Cloud Costs

Building, managing, and maintaining an internal IT department can prove to be a very expensive process. As well as paying everybody’s wages, there is significant financial outlay required to purchase any hardware, software, and associated licenses, all of which together can prove to be an expensive exercise. You also need to have skilled IT personnel who have the correct training and experience to administrate the infrastructure in its entirety.

Furthermore, most software solutions are now licensed per CPU socket (sometimes per core) which can inflate the prices substantially, particularly in virtual hypervisors like VMWare, or database solutions like Oracle. 

Servers, storage arrays, and network equipment carry a premium price tag (News - Alert), replacement parts are expensive, and occasionally you must purchase additional licenses to unlock hardware features. Even if the computing infrastructure is leased, most servers come with renewal conditions which can increase the prices again within 1 to 3 years on contact, and you may also have to purchase additional hardware agreements to mitigate against component failures and unexpected technical issues.

In most situations, cloud computing services can prove to be much a cheaper option than an on-premises solution. Cloud computing is tendered on a pay-as-you-go model which enables users to only pay for the resources which they consume. A free tier or trial period is frequently available at the biggest cloud providers; this allows the end-user to “try before you buy” to get a better understanding of performance.

Organizations that are pursuing a “cloud-first” strategy starting from a situation where they are heavily invested in an on-premises solution may be faced with short-term increases in costs as business services are migrated away from on-premise solutions and into a cloud provider. During the first year of migration, it is not uncommon that organizations will be charged for cloud services consumption and the pre-existing on-premises services concurrently. 

This co-running of IT services may cause a temporary price hike if the decommissioning process of the existing infrastructure takes longer than expected. This can result in the end-user being charged twice for existing computing services that haven’t been fully transitioned to the cloud. This alone is a compelling reason to outsource to a dedicated cloud provider that can rapidly cut migration times and ease this financial burden.

Thankfully, these transition pains are short-lived, and the huge benefits cloud computing offers can justify this temporary setback. The simplicity of cloud-native pricing models, service costs, and continued usage discounts make the cloud an attractive place to host infrastructure services and business applications for individuals, business start-ups, or large-scale enterprise organizations.

Also, when choosing to outsource to a partner, any system upgrade costs of the cloud computing server estate are the sole responsibility of the partner. Infrastructure upgrades are extremely expensive, but the provider will be contracted not only to cover all that cost but also to provide the expertise to seamlessly upgrade the solution in the background without impacting production services.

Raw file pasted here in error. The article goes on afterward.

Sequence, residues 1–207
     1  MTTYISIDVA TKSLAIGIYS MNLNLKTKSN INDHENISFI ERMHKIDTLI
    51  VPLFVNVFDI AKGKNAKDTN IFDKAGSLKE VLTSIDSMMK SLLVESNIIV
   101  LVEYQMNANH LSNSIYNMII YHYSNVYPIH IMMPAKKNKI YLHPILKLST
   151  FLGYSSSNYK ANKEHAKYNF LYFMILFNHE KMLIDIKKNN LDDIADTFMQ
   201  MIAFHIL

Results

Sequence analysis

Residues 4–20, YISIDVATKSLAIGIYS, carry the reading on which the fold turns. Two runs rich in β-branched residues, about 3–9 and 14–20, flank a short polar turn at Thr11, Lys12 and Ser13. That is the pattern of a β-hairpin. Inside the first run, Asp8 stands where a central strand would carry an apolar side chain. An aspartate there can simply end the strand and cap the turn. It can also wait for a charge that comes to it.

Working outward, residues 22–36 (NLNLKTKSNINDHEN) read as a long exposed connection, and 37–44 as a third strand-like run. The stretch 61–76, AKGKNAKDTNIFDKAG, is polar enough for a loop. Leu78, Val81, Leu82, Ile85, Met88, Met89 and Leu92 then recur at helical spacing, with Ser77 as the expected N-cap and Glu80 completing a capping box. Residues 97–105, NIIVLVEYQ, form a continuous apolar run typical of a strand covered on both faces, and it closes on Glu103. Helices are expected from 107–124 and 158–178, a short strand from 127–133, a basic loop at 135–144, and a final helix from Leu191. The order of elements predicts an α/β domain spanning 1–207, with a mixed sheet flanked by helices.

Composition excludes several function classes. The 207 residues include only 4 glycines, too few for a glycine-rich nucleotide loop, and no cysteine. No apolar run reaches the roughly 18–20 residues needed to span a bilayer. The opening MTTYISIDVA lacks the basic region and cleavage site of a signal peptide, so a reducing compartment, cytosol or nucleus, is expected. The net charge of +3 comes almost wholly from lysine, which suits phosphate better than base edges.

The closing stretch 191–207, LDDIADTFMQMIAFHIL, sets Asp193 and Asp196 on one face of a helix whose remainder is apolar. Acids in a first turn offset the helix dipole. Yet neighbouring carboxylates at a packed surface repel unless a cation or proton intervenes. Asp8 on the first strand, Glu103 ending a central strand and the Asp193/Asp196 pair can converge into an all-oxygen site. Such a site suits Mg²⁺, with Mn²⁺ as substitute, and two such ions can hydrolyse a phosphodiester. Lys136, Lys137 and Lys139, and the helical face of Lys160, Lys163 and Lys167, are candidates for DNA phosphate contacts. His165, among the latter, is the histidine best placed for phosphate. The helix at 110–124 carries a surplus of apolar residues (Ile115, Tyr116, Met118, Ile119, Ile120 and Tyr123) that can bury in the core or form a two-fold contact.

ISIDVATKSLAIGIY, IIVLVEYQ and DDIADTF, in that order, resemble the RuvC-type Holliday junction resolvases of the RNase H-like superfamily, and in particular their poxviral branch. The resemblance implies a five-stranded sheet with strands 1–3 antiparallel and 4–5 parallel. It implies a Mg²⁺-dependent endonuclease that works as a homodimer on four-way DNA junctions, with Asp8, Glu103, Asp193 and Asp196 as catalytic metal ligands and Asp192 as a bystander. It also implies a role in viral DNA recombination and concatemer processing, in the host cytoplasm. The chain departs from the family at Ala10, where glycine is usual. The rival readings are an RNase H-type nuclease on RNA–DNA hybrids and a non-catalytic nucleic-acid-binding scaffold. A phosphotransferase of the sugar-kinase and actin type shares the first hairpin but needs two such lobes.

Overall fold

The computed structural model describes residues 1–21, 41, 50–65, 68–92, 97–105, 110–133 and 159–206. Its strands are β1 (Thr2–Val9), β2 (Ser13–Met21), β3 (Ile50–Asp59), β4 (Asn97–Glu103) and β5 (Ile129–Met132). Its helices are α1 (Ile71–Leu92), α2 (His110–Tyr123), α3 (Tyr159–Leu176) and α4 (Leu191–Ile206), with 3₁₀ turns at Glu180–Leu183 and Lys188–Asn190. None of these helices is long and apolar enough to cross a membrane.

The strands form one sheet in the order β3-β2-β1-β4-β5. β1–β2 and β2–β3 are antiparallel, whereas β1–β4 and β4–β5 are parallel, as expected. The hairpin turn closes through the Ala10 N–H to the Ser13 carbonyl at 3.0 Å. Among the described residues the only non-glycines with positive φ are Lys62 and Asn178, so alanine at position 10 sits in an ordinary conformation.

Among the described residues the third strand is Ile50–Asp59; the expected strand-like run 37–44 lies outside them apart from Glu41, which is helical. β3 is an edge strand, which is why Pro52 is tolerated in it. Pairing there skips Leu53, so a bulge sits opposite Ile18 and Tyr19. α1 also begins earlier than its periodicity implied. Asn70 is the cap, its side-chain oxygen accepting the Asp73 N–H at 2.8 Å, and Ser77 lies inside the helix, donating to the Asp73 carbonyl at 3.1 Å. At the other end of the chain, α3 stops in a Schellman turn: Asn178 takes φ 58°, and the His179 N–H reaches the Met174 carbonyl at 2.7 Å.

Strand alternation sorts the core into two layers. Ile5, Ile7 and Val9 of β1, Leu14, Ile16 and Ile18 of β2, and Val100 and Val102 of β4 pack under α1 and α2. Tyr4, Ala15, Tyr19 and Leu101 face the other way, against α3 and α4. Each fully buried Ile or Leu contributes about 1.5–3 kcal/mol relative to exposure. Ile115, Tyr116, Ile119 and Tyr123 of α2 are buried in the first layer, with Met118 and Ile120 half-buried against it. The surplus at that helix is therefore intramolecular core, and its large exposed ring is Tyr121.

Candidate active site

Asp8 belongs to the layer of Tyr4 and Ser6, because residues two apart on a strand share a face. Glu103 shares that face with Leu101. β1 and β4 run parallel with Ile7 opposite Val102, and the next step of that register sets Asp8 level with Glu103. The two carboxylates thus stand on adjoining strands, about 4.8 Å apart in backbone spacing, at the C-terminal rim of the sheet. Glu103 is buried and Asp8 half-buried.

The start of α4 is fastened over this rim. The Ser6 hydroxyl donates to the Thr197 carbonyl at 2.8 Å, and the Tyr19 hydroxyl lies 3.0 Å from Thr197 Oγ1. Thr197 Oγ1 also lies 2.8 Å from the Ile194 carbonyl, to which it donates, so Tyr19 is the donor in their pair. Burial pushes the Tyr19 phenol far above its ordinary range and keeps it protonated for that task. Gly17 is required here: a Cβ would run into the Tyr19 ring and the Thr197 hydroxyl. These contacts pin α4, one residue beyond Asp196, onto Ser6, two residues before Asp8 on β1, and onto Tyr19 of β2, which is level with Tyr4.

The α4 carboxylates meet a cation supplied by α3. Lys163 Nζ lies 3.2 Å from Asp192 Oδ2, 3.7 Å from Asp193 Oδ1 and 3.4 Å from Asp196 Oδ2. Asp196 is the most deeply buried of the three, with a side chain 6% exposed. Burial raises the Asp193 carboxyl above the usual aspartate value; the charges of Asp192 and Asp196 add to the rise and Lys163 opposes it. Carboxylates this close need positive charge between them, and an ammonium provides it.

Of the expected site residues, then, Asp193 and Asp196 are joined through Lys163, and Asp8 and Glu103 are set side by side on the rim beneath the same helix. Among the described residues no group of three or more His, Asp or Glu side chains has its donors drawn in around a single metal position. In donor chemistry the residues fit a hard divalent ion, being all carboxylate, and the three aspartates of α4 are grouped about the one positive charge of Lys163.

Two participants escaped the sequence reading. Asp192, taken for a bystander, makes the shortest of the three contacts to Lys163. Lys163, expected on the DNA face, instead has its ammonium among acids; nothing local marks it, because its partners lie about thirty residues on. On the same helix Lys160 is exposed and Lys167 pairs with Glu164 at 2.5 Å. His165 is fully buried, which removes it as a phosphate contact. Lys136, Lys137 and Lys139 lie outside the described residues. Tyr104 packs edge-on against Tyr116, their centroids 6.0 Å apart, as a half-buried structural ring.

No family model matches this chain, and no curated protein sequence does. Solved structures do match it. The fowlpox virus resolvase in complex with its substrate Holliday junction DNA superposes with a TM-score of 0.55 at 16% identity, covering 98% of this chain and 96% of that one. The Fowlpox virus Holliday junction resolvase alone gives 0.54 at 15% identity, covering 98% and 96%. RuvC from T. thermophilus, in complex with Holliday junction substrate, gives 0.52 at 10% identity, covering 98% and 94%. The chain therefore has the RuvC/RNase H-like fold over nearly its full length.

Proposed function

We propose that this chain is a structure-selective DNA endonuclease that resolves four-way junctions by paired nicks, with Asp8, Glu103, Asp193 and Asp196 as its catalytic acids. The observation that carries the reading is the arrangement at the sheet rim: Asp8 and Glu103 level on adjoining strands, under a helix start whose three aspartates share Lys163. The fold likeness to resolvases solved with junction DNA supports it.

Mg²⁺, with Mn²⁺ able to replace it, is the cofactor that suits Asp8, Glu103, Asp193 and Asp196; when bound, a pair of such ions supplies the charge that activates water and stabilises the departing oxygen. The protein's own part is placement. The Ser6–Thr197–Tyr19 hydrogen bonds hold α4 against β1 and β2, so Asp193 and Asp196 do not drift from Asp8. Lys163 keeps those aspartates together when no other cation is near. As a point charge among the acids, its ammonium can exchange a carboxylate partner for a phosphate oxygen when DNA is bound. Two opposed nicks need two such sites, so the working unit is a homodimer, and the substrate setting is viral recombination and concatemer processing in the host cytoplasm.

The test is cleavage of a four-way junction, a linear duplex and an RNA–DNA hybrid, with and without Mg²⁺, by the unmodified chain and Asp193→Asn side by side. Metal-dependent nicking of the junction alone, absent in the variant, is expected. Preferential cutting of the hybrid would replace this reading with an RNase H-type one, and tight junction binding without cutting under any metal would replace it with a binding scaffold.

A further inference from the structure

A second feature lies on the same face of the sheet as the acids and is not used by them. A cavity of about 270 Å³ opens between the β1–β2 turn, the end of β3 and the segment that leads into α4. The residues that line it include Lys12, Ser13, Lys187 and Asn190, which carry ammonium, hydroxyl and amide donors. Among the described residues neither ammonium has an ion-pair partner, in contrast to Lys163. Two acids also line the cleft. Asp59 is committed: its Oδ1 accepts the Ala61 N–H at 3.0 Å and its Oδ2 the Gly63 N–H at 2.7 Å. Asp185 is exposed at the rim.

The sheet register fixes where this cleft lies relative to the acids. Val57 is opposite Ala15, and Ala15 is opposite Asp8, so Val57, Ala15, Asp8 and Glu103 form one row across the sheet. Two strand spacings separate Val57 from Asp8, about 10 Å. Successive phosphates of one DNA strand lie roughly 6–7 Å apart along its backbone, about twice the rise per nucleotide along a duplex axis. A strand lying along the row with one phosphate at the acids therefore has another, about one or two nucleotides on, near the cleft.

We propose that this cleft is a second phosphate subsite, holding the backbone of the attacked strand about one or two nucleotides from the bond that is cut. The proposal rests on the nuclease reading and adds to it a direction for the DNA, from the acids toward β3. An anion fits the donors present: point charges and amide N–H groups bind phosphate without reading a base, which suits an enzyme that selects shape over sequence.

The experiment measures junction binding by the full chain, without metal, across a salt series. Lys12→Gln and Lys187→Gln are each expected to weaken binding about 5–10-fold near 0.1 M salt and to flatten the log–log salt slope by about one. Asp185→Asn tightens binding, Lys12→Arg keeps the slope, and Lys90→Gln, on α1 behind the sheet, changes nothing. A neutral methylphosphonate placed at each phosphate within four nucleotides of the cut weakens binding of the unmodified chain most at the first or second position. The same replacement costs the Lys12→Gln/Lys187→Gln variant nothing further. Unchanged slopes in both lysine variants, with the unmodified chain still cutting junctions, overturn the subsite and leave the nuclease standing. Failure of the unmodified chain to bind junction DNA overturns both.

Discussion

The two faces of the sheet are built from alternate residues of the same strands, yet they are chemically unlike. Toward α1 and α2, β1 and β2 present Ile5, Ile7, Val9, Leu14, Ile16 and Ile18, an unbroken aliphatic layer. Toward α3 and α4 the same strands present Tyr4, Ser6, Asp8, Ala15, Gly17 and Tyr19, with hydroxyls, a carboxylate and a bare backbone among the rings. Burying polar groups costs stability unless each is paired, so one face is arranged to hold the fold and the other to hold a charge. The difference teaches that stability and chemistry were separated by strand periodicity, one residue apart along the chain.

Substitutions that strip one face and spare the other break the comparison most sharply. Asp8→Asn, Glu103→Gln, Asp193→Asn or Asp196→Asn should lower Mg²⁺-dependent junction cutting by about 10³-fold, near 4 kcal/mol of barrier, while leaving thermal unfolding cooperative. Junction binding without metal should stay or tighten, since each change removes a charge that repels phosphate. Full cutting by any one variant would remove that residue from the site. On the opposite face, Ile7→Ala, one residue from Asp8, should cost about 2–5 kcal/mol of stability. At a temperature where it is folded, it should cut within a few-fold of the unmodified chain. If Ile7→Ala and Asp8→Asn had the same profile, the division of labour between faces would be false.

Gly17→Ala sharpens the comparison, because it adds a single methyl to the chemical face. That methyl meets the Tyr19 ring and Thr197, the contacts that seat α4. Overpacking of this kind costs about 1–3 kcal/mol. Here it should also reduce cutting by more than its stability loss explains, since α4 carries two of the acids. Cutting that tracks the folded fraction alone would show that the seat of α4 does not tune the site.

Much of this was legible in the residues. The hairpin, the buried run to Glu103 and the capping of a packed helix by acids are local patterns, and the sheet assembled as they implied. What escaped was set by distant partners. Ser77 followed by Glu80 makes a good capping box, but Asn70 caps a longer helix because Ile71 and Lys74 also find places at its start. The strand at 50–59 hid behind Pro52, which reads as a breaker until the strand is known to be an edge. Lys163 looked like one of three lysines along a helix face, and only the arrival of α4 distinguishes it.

Reliability of the cloud

Another major benefit of cloud computing is the reliability of the infrastructure. Cloud data centers are constructed to the highest standards to protect servers and cooling systems from failure. Premium hardware is used and is always fault-tolerant (FT), meaning that hardware failures do not bring down the entire system. Data centers are also interconnected using high-speed, redundant networks, and data can be replicated between multiple sites at very low latency to offer the highest levels of performance and data integrity.

Securing the cloud

Securing cloud services is one of the most important aspects of cloud computing. As cloud services can be directly exposed to the internet, securing and hardening access controls is of paramount importance. Rigorous Identify and Access Management (IAM) controls must be implemented. There are countless examples of news reports regarding data breaches caused by misconfigured servers and cloud services such as storage buckets.

Collaborating with a reliable cloud provider with decades of experience can mitigate this risk. Cloud security is essential if you have any compliance requirements, such as ISO standards or HIPAA compliance. A partner can make sense of the huge number of security services that cloud providers offer.

Infrastructure security is essential; this includes encryption for data integrity, as well as network security services such as SSL secured load balancing, virtual private cloud, data encryption in transit, and API transport layer security. Securing your network cloud endpoints is a strict requirement too, this can include web optimization, DDoS protection, data security, and strict controls over IAM.

You may also wish to implement additional security products such as an Intrusion (News - Alert) Protection Service (IPS). An IPS is placed at strategic points within the cloud network and works with the firewall by inspecting packets that the firewall has already accepted as legitimate. Another IPS resides directly on the network, protecting against local vulnerabilities at a hardware layer. 

In summary, “What is Cloud Computing” is a significantly vast topic. Cloud technology is still relatively new and the rate of change and volume of new services being added is staggering. The industry is booming and confidence in cloud providers' security credentials is extremely high. There will come a day when Cloud Computing is the defacto solution for IT technical services.